Phasor circuit problem: 1 resistor, 1 capacitor, 1 inductor, 1 Voltage source

In summary, by setting the impedance of the capacitor and inductor equal to each other and solving for \omega, we can find the resonant frequency at which the forced response in the circuit will be zero.
  • #1
VinnyCee
489
0

Homework Statement



What value of [itex]\omega[/itex] will cause the forced response [itex]v_0[/itex] in the circuit below to be zero?

http://img248.imageshack.us/img248/1854/problem934ao5.jpg

Homework Equations



Phasor eqs.

The Attempt at a Solution



[tex]i\,=\,\frac{50\,-\,V_1}{2\Omega}\,=\,\frac{V_1\,-\,V_2}{5\,j\,\Omega}\,=\,\frac{V_2}{20\,j\,\Omega}[/tex]

If I substitute [itex]V_1\,=\,0[/itex], then I get:

[tex]25\,=\,-\frac{V_2}{5\,j\,\Omega}\,=\,\frac{V_2}{20\,j\,\Omega}[/tex]

How do I use this to find [itex]\omega[/itex]?
 
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  • #2
If you want Vo to be zero, the impedance of the series connection of the capacitor with the inductor must be zero.
You got the impedance of the capacitor wrong.
[tex]Z_C = \frac{-j}{\omega C}[/tex]
[tex]Z_L = j \omega L[/tex]
 
  • #3
http://img99.imageshack.us/img99/4333/problem934part2xc6.jpg

[tex]Z\,=\,\frac{1}{5j\omega}\,+\,20j\omega[/tex]

[tex]V_{OUT}\,=\,\frac{Z}{Z\,+\,2\Omega}[/tex]

We want [itex]V_{OUT}[/itex] to be zero:

[tex]0\,=\,\frac{\frac{1}{5j\omega}\,+\,20j\omega}{\frac{1}{5j\omega}\,+\,20j\omega\,+\,2\Omega}\,V_{IN}[/tex]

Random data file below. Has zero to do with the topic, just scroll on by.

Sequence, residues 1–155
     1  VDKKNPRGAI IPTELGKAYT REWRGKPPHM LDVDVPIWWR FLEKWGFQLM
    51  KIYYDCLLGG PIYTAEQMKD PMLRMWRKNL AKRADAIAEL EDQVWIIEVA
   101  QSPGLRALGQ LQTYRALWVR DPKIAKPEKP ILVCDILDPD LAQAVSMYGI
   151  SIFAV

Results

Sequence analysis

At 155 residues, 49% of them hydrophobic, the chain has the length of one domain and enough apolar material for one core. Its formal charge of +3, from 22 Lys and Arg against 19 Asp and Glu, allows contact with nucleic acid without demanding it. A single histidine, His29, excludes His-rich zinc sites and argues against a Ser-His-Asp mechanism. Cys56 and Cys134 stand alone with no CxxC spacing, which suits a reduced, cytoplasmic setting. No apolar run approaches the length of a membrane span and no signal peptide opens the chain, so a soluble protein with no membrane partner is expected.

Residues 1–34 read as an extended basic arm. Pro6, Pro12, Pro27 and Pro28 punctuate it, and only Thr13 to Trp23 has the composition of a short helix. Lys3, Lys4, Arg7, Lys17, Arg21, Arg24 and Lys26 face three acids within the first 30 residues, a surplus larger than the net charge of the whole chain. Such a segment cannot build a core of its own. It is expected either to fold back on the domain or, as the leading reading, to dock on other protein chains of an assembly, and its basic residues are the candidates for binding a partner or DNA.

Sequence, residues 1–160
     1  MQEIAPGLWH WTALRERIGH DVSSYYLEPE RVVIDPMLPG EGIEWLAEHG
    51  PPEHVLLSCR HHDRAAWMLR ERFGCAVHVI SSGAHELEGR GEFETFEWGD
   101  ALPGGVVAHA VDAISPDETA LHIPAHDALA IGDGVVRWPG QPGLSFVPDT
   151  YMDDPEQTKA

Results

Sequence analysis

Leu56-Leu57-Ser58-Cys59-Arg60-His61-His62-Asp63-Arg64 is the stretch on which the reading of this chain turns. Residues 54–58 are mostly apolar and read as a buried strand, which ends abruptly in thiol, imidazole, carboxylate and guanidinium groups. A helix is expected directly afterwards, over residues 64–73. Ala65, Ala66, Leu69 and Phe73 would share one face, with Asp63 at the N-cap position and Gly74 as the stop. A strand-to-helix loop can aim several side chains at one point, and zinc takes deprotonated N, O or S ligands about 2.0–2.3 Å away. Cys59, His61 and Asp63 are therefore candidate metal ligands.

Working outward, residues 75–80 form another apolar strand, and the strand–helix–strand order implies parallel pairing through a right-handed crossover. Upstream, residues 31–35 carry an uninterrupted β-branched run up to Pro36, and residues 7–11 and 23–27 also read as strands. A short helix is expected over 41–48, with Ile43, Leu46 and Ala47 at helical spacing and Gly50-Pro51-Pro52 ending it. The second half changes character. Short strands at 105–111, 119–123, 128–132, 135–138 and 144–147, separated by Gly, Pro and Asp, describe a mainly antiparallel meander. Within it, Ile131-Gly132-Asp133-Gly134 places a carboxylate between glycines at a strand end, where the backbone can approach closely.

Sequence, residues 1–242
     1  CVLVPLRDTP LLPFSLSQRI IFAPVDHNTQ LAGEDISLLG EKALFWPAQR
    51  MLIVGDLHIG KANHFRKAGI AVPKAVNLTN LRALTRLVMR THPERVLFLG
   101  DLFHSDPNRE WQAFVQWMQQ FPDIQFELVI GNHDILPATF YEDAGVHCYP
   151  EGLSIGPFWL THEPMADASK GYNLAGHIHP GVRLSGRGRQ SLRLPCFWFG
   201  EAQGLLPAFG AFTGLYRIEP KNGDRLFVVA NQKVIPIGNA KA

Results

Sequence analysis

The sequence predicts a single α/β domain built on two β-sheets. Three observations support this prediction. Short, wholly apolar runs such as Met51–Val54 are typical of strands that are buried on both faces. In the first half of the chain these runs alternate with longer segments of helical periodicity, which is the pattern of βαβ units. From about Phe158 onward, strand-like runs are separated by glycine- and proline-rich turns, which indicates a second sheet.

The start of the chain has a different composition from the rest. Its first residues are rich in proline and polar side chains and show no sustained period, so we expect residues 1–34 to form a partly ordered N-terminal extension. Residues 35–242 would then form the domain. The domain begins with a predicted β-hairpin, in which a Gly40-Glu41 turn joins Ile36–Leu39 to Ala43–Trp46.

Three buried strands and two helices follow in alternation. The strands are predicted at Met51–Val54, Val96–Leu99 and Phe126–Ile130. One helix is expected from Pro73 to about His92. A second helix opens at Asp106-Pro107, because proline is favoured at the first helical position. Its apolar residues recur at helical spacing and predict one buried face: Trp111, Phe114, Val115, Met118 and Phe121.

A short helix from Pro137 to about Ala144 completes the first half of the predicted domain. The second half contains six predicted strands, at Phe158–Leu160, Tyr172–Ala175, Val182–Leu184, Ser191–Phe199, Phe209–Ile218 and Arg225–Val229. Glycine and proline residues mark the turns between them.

[tex]0\,=\,\frac{1}{5j\omega}\,+\,20j\omega}[/tex]

[tex]-\frac{1}{5j\omega}\,=\,20j\omega[/tex]

[tex]\omega\,=\,\frac{1}{10}[/tex]

Is that right?
 
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  • #4
VinnyCee said:
http://img99.imageshack.us/img99/4333/problem934part2xc6.jpg

[tex]Z\,=\,\frac{1}{5j\omega}\,+\,20j\omega[/tex]

[tex]V_{OUT}\,=\,\frac{Z}{Z\,+\,2\Omega}[/tex]

We want [itex]V_{OUT}[/itex] to be zero:

[tex]0\,=\,\frac{\frac{1}{5j\omega}\,+\,20j\omega}{\frac{1}{5j\omega}\,+\,12j\omega\,+\,2\Omega}\,V_{IN}[/tex]

[tex]0\,=\,\frac{1}{5j\omega}\,+\,20j\omega}[/tex]

[tex]-\frac{1}{5j\omega}\,=\,20j\omega[/tex]

[tex]\omega\,=\,\frac{1}{10}[/tex]

Is that right?

Yes, the impedance is zero at the resonant frequency [tex]\omega_0 = \frac{1}{(LC)^\frac{1}{2}} = \frac{1}{10}[/tex]
 
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What is a phasor circuit?

A phasor circuit is a type of electrical circuit that deals with alternating current (AC) signals. It is represented by complex numbers called phasors, which are used to simplify calculations and analysis of the circuit.

What components are typically found in a phasor circuit?

A phasor circuit typically includes one resistor, one capacitor, one inductor, and one voltage source. These components are used to create a circuit that can handle and manipulate AC signals.

How do you solve a phasor circuit problem?

To solve a phasor circuit problem, you must first convert all components into their respective phasor values. Then, you can use Kirchhoff's laws and Ohm's law to analyze the circuit and find the voltage and current at different points. Finally, you can convert the phasor values back into their time-domain equivalents to get the final solution.

Why is a phasor circuit useful?

A phasor circuit is useful because it allows for simplified analysis and calculations of AC circuits. It also helps in understanding the behavior of the circuit at different frequencies and allows for easy comparison of different circuits.

What are some real-world applications of phasor circuits?

Phasor circuits are commonly used in power systems, telecommunication systems, and electronic devices that use AC signals. They are also used in industries such as aerospace, automotive, and renewable energy for various applications such as power distribution, signal processing, and control systems.

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